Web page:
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This is a really interesting thread. I never realized that there was such a rift between traditional ID and "Design thinking" firms. (even though I've seen it as a rift in trying to come up with my own path) It also never occurred to me that a company like IDEO would be considered "fluff".

I guess as a follow up to the dialog here, I'm curious if you guys think there could be a better model for integrating the interdisciplinary "design thinking" branch with more traditional product design. I wonder what that would look like..

Or is the output the determining factor between these two types of business? Can you do service/environment design without it being fluff? Is physical product design already as informed as it should/could be?

Re: IDEO on 60 Minutes

Postby yo » January 12th, 2013, 12:22 am

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daaphearthrob wrote:At the time, yes. Like many people on this board my first love in design is creating beautiful objects. At IDEO I was averaging maybe 1 or 2 projects per year that was object focused. IDEO allowed me the opportunity to grow immensely as a designer, strategically and tactically but I felt like I needed greater exposure to a more object-centric design environment to balance myself out. Moving on from IDEO had more to do with my own personal journey as a designer and less about design thinking or design doing or the firm itself.


Agreed. And to answer jchalsoo's question a bit as well, I feel like my time at frog was like grad school. What I learned there about opportunity identification, ethnographic research, workshopping to produce organizational alignment, synthesis sessions, and stewarding organizational change is invaluable to what I do every day now. It also gave me the ability to leverage my experience in product to brand positioning, retail environments, mobile and web, which all factor into my responsibilities.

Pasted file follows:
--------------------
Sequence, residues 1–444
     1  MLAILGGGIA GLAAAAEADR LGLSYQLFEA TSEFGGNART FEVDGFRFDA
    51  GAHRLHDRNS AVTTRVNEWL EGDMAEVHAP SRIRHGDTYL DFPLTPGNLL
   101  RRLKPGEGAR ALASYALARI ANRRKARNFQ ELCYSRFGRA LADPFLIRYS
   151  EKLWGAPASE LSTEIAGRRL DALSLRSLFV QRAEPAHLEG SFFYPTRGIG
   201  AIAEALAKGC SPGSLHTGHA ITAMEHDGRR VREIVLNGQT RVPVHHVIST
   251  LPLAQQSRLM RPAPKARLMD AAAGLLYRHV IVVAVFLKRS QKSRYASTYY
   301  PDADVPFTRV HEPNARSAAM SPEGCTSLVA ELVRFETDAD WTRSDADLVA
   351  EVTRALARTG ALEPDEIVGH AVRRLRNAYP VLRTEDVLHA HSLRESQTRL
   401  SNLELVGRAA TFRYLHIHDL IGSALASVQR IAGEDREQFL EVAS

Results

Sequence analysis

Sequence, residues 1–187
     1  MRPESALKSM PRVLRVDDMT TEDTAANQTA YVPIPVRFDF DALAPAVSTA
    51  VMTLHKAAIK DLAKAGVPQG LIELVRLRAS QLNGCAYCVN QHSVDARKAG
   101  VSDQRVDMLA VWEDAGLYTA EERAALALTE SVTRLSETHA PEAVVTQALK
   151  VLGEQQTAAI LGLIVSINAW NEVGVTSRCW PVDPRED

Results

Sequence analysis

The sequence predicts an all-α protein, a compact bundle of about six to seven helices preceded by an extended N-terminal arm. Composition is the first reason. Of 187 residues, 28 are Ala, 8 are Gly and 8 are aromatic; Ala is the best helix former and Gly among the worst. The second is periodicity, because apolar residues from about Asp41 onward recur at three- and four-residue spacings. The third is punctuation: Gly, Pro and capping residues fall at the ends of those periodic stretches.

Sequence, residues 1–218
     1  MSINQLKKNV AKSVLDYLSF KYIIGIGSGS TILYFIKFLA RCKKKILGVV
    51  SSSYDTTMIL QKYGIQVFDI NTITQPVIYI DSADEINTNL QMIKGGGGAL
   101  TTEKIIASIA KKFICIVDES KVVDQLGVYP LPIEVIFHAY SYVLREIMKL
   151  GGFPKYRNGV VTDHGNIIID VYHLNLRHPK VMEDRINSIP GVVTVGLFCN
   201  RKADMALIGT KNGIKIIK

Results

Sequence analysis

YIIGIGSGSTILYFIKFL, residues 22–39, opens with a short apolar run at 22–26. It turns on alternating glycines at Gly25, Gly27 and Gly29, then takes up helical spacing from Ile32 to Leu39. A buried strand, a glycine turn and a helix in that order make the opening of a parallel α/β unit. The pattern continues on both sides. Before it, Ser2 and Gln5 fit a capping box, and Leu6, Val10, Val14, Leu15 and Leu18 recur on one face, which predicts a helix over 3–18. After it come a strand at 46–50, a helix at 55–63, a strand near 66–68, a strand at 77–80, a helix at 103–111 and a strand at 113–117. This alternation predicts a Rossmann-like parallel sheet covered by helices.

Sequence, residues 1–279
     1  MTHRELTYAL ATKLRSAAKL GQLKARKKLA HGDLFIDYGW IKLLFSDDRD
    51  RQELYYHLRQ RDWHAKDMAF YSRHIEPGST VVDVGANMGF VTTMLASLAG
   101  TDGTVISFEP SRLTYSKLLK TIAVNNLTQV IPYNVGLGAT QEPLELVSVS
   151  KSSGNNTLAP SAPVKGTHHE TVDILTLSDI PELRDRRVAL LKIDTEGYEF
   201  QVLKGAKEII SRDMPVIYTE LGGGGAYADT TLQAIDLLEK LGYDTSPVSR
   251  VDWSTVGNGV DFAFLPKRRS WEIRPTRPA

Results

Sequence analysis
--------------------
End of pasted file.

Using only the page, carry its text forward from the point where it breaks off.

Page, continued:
What made it all the richer is that is was supplemental to years of experience in product development, and now I have the opportunity to bring that mix to an organization that makes things.

Not saying this is "right", just that it works for me personally and that I love it. For me to be comfortable I need both accountability and authority over to the end result.

Re: IDEO on 60 Minutes

Postby nxakt » January 12th, 2013, 3:16 am

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Design coterie wrote:anybody else totally distracted by Charlie Rose's popped collar?

Fully. And the inappropriateness of making up an epitaph and proposing it to a man that has more life ahead of himself. It may be editing but I can almost see the shock in Kelly's eyes when he gets asked the final question. Not design thinking.

Two other strong concepts that come to mind watching the segment are "hippy", and "California". Those implications can be drawn out in various ways.

I can look at produced work and drawn my own conclusions whether of not I respect the design that someone, or some firm, does. I cannot evaluate what I cannot see or what is kept hidden from me. Therefore I cannot draw any conclusions about IDEO. Seems like a good group of people with a very successful business.

It is smart business thinking to remove the criteria for success or failure from the public equation. Just a portfolio of products is harshly black and white.

Re: IDEO on 60 Minutes

Postby Mr-914 » January 14th, 2013, 8:19 am

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Shaw: I think these pieces are plug-and-play for news shows.

"we need to show something innovative. Cali, check. Hippy, check. Mention Steve Jobs, check." It could be Google, Apple, Ideo...
Ray Jepson

"L'homme n'est rien. L'œuvre c'est tout." Gustave Flaubert

Re: IDEO on 60 Minutes

Postby zippyflounder » January 16th, 2013, 7:39 pm


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Seemed to me that IDEO's dogma works just fine for existing products and product lines however when was the last time the did a new product type? Lets face it, it's not that hard to do line extension of a existing product line, but something new....that's a far piece different.